FILE- In this March 29, 2019, file photo Lyft co-founders John Zimmer, front third from left, and Logan Green, front third from right, cheer as they as they ring a ceremonial opening bell in Los Angeles. Lyft gave investors a lesson in how quickly a company’s market value can change. The ride-hailing company’s stock surged more than 20% from its IPO price on Friday. But by the first hour of Lyft’s second day of trading, the stock had fallen below the IPO price of $72. (AP Photo/Ringo H.W. Chiu, File)
We use Uber to go places, Slack to chat with co-workers and Pinterest to save our favorite ideas. Why not own a piece of these companies that increasingly dominate our daily lives?
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That's the question for many regular investors as a parade of well-known technology companies are expected to make their stocks available to everyone for purchase this year, not just big pension funds and wealthy people. Lyft was at the head of the line when it had its initial public offering of stock, or IPO, on Friday.
It's tempting to buy stocks of companies whose products or services we see or use so often. But "investing in what you know" doesn't mean buying Uber because you request a ride every other day. It means knowing whether Uber will get enough customers at high-enough prices to become profitable, and at what level.
"Don't jump in with both feet just because you use the product," said Kathleen Smith, principal at Renaissance Capital, which researches IPOs. "You're not going to know the value."
Lyft gave investors a lesson in how quickly a company's market value can change. The ride-hailing company's stock surged more than 20% from its IPO price on Friday. But by the first hour of Lyft's second day of trading, the stock had fallen below the IPO price of $72.
A stumble after a first-day pop perhaps should not have been a surprise, given the track record for IPOs. Here are some considerations if you want to join the IPO rush, which may include such companies as Uber and video-conferencing service Zoom.
DO IPOs PERFORM WELL?
Yes and no.
The first day of trading for an IPO is often a great one, when enthusiasm is surging. IPOs have returned an average of 17.9% in their first day of trading, according to data from 1980 to 2016 compiled by Jay Ritter, an IPO specialist at the University of Florida's Warrington College of Business. That would count as great year for an S&P 500 index fund.
But IPOs go on to return an average of 21.9% in the three years following their IPO, lagging the market.
Some IPOs tend to do better over the long term, notably those that bring in more revenue. Since 1980, companies with $1 billion or more in revenue (in 2015 dollars) have returned an average of 42.7% in the three years following the IPO. That's better than the market.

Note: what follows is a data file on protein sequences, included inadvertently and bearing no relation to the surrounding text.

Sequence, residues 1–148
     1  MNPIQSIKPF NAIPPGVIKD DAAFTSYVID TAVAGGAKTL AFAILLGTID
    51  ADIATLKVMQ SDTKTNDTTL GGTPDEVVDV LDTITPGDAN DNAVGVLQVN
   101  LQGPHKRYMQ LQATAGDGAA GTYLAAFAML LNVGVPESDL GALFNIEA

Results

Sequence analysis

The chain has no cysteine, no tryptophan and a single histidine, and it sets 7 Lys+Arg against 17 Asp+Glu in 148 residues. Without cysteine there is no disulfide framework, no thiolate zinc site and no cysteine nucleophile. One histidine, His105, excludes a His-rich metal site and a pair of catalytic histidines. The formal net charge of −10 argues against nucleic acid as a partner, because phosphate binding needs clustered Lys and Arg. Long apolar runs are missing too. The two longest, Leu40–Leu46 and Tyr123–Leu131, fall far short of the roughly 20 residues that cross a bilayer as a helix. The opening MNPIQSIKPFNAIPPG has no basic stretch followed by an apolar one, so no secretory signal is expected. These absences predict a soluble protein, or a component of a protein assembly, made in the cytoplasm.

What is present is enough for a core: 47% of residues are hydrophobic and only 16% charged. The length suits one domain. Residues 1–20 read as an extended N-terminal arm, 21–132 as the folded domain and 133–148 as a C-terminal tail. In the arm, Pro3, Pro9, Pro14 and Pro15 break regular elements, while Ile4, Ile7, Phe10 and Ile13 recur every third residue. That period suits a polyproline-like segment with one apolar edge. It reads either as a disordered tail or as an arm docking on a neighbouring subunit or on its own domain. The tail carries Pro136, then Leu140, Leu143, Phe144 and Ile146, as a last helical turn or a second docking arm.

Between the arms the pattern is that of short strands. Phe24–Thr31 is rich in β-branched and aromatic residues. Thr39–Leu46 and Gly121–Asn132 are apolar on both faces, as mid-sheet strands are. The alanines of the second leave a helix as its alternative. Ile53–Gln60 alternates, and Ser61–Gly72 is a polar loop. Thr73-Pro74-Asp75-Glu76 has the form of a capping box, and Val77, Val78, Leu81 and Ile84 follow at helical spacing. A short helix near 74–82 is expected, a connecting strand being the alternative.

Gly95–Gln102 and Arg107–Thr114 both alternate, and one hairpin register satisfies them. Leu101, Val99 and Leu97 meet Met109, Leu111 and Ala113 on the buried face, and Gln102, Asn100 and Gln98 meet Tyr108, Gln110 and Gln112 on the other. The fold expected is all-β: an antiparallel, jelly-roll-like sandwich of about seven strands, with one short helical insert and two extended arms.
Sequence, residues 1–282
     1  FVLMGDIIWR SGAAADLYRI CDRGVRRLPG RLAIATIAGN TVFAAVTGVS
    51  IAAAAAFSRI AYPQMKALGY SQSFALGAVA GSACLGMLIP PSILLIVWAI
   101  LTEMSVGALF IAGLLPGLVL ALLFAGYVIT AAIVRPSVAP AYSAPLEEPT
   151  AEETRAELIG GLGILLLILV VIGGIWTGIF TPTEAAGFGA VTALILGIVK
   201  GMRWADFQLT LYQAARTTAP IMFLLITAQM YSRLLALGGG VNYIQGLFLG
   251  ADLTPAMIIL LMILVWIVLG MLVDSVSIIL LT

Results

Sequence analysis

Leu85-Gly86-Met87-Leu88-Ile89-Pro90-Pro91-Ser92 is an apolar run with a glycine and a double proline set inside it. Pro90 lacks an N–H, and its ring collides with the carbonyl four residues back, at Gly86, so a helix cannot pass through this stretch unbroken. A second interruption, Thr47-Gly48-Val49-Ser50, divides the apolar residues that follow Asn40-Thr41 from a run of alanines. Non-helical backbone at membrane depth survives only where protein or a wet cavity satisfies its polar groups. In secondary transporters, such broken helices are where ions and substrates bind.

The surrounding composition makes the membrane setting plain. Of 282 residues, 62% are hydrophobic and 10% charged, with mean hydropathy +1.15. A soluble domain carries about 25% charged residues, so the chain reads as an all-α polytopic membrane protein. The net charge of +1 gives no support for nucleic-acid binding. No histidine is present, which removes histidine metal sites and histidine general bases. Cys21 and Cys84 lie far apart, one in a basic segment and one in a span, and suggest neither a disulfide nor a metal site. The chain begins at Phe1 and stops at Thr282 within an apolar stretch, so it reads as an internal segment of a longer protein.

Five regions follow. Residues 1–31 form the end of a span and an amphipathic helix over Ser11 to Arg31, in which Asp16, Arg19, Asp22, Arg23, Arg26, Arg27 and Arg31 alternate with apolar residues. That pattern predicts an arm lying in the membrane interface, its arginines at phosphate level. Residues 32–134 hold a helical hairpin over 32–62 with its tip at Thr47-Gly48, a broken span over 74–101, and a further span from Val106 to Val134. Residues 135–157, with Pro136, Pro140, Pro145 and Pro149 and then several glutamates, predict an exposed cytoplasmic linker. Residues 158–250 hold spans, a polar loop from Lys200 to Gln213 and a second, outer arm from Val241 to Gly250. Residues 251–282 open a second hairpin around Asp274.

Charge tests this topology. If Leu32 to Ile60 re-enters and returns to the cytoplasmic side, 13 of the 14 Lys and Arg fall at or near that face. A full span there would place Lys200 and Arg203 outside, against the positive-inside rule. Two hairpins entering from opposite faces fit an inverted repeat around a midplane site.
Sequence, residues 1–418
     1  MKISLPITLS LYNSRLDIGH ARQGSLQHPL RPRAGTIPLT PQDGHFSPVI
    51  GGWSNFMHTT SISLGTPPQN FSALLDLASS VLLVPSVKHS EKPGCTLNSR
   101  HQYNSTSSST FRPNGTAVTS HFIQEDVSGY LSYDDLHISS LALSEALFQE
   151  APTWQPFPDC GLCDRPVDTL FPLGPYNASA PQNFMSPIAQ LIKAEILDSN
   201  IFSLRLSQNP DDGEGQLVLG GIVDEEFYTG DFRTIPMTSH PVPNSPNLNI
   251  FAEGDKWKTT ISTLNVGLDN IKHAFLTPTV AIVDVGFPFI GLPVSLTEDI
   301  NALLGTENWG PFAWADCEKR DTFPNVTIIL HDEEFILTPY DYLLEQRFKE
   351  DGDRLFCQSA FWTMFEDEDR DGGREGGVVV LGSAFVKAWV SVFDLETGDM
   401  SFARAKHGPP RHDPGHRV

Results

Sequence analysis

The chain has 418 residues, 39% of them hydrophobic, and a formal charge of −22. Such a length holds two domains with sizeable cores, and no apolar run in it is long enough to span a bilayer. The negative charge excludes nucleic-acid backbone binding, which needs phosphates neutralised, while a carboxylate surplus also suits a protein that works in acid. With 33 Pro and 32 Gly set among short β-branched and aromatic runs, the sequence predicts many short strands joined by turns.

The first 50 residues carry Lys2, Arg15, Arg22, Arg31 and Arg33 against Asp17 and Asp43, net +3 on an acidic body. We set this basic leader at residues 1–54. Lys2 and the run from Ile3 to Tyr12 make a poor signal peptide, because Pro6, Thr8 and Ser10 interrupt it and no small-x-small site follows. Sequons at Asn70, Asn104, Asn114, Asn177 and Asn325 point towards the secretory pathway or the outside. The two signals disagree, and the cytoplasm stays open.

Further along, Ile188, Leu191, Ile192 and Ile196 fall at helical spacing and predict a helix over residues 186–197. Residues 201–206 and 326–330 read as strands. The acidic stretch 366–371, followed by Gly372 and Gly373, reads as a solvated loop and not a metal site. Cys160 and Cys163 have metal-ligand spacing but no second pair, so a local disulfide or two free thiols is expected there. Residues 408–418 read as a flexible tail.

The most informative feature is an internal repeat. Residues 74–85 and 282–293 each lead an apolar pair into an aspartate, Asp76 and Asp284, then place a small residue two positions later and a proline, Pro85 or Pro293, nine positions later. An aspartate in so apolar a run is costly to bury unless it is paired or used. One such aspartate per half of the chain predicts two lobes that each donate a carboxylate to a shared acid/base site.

Smaller companies, meanwhile, have historically had better first-day gains than their bigger IPO rivals but go on to return an average 20.2% over three years. That's well below the market.
WHAT ABOUT THIS CROP OF IPOs?
While Lyft, Uber and other upcoming IPOs are big names, many of them lose money. It's a growing trend. Last year, about eight of every 10 companies going public were unprofitable, according to Ritter. That's the highest percentage since 2000, the height of the dot-com bubble.
To be sure, companies going public today tend to be much more seasoned. Since 2008, the median age for an IPO company has been at least 10 years. That's roughly double the age of the typical company going public in 1999 or 2000, at 5 or 6.
With greater age often comes higher revenue. Last year, the typical tech IPO made 10 times more in sales than the median in 2000, even after adjusting for inflation, according to Ritter.
"IPOs are risky, but given the track record of tech over the last 10 years since the recession, they've been the shining stars, they've been where the growth is," said Karyn Cavanaugh, senior markets strategist at Voya Investment Management.
WHAT IF I DON'T LIKE BUYING INDIVIDUAL STOCKS?
One of the biggest trends in investing over the last decade is the move toward index funds. Picking stocks on one's own — or trusting a fund manager to do it — can be risky and expensive. Instead, investors are flocking to index funds that own baskets of many stocks, such as all those in the S&P 500 index, and generally come with low fees.
IPO stocks eventually filter into index funds. Dropbox, for example, had its IPO last year, and its shares are already in more than two dozen ETFs, such as Vanguard's Total Stock Market ETF and the iShares Expanded Tech Sector ETF.
One ETF focuses specifically on recent IPOs. The Renaissance IPO ETF will add Lyft shares later this week, and it tracks an index that holds companies that have had an IPO within the last two years, giving more weight to the bigger ones. Its returns have topped the S&P 500 over the last three years, although it has lagged since its 2013 inception.
Volatility has become part of the reputation for IPOs. "I think IPOs are the Rodney Dangerfield of asset classes," said Renaissance Capital's Smith. "Everyone who wants to feel like they're conservative or smart picks on IPOs, saying 'Don't go there.'"
But she said IPOs today are different from 1999 and 2000, with more rigor around researching them. "If you want to focus on this and feel you can tolerate the volatility, you can get outsized returns," she said.
Even so, market strategists say average investors eager to snap up shares in the latest IPO would do well to skip the frenzied early days of trading and buy later, or wait until the stock makes its way into an index fund.
"If these companies are going to stay around and be good investments, they will be in the future," said Tom Martin, senior portfolio manager with Globalt Investments. "Let the hype go out. Be an investor, not a gambler."
AP Business Writer Alex Veiga contributed to this report.